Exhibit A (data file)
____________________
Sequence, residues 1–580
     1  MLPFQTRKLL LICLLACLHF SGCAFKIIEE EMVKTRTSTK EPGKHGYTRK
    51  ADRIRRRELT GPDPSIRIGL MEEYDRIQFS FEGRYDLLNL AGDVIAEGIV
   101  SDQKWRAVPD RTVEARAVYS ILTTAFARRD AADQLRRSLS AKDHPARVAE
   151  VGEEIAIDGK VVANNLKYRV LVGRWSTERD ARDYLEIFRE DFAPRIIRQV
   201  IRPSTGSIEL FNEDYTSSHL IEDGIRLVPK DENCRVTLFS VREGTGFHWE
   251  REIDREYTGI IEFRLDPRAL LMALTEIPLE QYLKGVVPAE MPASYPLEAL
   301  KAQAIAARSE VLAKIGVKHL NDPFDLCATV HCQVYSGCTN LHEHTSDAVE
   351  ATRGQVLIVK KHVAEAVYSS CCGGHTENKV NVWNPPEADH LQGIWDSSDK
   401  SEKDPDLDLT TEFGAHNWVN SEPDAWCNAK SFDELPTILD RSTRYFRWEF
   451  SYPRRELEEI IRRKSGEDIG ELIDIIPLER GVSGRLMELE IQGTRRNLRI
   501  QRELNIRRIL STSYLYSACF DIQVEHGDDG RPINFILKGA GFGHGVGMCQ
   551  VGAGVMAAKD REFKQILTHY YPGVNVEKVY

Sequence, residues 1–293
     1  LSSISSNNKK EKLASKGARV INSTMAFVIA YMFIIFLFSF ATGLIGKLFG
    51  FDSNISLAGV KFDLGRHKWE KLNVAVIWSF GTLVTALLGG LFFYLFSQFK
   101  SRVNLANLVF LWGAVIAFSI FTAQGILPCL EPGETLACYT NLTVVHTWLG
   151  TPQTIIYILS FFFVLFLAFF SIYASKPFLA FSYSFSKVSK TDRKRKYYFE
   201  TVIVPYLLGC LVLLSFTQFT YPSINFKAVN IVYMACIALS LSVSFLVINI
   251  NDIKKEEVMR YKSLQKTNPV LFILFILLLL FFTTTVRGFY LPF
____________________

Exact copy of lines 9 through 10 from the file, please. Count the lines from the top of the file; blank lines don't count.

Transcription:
   351  ATRGQVLIVK KHVAEAVYSS CCGGHTENKV NVWNPPEADH LQGIWDSSDK
   401  SEKDPDLDLT TEFGAHNWVN SEPDAWCNAK SFDELPTILD RSTRYFRWEF